• The Beat of a Different Drummer: Essays in Honor of John I. Goodlad, edited by Kenneth A. Sirotnik and Roger Soder
    (Peter Lang Publishing, Inc./1999/315 pp./ISBN 0-8204-3797-2 (cloth); 0-8204-4593-2 (paper))

    A collection of essays by friends, colleagues, and scholars who have been profoundly influenced by Goodlad's seminal thinking and half-century of research and scholarship on educational change and school improvement.

  • The Public Purpose of Education and Schooling, edited by John I. Goodlad and Timothy J. McMannon
    (Jossey-Bass Publishers/1997/178 pp./ISBN 0-7879-0934-3)

    This book, based on a 1995 symposium of the same name, features the writing and conversation of Benjamin Barber, Linda Darling-Hammond, Gary Fenstermacher, John Goodlad, Donna Kerr, Theodore Sizer, and Roger Soder. The book contains insightful essays on the nature of public and private in regard to schooling and education.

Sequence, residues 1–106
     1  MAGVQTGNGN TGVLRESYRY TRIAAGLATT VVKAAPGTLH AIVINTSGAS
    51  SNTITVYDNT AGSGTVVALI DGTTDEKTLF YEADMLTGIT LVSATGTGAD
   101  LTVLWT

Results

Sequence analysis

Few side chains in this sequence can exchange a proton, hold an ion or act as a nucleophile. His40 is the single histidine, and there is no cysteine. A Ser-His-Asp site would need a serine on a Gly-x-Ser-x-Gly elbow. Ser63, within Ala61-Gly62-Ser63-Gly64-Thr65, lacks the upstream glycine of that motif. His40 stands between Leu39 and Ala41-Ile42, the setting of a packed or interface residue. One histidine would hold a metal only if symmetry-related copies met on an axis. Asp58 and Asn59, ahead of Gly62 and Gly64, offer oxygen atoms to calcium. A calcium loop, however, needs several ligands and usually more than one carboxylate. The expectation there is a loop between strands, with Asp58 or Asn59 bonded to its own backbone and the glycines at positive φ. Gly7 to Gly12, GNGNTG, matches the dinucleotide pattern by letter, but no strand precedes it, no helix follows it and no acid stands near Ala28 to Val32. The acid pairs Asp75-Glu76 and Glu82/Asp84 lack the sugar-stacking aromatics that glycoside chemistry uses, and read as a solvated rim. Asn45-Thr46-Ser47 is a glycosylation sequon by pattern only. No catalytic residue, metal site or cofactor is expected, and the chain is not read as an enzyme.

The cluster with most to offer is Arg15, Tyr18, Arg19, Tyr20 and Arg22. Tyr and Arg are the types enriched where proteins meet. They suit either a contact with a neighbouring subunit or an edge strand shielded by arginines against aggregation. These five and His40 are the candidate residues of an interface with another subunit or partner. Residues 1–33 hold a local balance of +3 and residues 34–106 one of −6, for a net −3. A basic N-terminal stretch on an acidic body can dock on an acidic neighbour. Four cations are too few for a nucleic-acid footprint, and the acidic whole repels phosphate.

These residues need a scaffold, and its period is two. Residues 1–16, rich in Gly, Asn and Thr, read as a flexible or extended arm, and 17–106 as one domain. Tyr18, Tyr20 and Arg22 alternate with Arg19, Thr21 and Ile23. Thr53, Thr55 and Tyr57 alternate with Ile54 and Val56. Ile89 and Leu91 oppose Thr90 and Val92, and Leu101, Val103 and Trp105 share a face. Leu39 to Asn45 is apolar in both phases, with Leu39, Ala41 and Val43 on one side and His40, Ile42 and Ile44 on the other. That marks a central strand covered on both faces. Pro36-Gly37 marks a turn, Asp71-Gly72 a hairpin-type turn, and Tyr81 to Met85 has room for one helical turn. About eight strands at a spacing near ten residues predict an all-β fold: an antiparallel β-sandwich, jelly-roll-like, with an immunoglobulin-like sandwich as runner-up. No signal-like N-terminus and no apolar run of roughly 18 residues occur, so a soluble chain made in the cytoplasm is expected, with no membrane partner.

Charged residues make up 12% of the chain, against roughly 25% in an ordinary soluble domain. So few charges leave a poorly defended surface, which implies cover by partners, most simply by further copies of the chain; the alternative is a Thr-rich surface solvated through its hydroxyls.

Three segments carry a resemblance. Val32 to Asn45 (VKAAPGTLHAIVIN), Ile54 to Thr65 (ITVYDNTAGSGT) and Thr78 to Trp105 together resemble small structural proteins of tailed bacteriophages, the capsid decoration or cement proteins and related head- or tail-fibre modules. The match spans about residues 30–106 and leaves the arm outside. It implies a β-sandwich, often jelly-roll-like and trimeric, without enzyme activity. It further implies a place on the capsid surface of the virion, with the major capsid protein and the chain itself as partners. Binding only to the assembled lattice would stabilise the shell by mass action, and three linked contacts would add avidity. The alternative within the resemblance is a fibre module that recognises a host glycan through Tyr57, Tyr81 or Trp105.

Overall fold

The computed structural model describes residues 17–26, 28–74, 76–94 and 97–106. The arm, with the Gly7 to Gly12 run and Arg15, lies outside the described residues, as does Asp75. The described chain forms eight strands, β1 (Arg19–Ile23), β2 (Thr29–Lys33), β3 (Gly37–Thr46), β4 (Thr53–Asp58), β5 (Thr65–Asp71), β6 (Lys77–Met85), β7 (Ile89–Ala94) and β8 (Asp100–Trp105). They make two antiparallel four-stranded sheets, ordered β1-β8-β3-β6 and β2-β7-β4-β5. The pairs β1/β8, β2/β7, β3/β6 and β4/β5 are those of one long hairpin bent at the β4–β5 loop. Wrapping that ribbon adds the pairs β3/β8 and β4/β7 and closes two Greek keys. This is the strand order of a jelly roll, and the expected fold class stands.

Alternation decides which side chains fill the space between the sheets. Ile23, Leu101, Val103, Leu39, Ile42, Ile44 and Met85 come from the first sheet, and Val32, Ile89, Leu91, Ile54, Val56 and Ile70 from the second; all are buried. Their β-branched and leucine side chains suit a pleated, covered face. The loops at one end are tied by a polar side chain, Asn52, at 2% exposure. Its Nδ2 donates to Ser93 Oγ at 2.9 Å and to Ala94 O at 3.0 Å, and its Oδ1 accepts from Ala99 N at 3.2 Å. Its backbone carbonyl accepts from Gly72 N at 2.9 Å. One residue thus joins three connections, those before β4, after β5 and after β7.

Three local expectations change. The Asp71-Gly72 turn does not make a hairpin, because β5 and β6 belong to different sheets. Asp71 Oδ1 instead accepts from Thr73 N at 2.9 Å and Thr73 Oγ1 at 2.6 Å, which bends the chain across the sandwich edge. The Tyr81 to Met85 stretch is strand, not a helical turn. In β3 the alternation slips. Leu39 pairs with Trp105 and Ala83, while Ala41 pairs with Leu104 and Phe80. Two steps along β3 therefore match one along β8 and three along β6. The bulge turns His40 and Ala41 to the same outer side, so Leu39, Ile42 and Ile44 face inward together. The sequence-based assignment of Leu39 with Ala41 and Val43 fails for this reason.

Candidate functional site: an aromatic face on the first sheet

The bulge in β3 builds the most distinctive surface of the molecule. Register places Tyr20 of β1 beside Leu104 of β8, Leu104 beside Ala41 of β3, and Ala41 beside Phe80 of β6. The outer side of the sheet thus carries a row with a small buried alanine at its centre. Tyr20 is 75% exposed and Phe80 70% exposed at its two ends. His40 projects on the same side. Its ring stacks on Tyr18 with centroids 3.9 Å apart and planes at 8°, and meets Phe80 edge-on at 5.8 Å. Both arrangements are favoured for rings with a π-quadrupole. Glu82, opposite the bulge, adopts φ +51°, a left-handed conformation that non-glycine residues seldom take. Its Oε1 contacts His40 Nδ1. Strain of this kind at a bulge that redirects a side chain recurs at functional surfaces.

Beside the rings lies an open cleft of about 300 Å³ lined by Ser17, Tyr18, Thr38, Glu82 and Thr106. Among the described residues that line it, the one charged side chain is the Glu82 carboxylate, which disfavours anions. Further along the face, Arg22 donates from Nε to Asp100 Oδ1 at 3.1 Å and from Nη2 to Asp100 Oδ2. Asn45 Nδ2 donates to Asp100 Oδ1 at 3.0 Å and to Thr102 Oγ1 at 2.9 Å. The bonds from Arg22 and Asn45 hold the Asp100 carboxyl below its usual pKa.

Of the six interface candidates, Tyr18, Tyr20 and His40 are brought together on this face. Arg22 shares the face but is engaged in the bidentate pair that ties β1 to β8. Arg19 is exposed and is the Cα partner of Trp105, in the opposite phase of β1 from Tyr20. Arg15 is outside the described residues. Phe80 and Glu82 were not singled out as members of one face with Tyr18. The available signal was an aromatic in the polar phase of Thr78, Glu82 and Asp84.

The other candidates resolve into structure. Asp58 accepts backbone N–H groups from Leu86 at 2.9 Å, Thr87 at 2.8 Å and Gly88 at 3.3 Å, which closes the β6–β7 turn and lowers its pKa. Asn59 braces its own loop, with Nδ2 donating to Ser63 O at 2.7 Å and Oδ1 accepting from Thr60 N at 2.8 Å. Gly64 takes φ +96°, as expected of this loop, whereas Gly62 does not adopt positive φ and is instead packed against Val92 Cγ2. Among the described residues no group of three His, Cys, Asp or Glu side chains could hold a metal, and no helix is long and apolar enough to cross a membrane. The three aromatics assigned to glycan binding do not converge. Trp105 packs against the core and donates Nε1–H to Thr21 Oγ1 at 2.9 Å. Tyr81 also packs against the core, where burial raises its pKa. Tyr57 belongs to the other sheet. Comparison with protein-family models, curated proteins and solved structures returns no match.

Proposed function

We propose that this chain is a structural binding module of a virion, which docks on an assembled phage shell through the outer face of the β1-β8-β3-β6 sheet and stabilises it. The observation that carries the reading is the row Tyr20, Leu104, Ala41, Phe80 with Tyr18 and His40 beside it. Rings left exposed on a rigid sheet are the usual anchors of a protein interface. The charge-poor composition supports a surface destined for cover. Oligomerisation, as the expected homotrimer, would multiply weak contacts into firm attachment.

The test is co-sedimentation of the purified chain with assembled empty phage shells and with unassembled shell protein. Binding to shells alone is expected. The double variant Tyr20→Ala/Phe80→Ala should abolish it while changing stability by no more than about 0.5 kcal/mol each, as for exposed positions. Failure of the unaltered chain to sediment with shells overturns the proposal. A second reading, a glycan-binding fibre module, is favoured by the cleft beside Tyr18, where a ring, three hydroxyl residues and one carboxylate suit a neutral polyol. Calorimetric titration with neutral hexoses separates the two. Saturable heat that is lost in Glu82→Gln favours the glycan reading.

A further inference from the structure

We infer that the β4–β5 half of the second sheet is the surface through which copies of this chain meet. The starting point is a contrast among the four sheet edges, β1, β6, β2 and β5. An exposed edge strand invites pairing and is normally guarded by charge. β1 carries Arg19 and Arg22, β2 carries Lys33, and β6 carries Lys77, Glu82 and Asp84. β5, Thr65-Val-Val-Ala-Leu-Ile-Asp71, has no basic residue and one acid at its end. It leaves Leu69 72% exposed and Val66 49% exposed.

• In Praise of Education, by John I. Goodlad
    (Teachers College Press/1997/192 pp./ISBN 0-8077-3620-1)

    In this elaboration of his 1994 John Dewey Lecture, John Goodlad offers insights about education from a lifetime of dedication to teaching, research, improving schools, and renewing teacher education. Goodlad focuses especially on the nature and role of education in a democracy.

  • Kids and School Reform, by Patricia Wasley, Robert L. Hampel, and Richard W. Clark
    (Jossey-Bass Publishers/1997/254 pp./ISBN 0-7879-1065-1)

    “'It's all for the children' is among the emptiest of the clichés accompanying school reform. Here, at last, are the inside stories of real students engaged with real teachers in five high schools committed to fundamental change. The language of the telling is as fresh as the insights conveyed.” John I. Goodlad

  • Professional Development Schools: Policy and Financing, by Richard W. Clark
    (American Association of Colleges for Teacher Education/1997/39 pp.)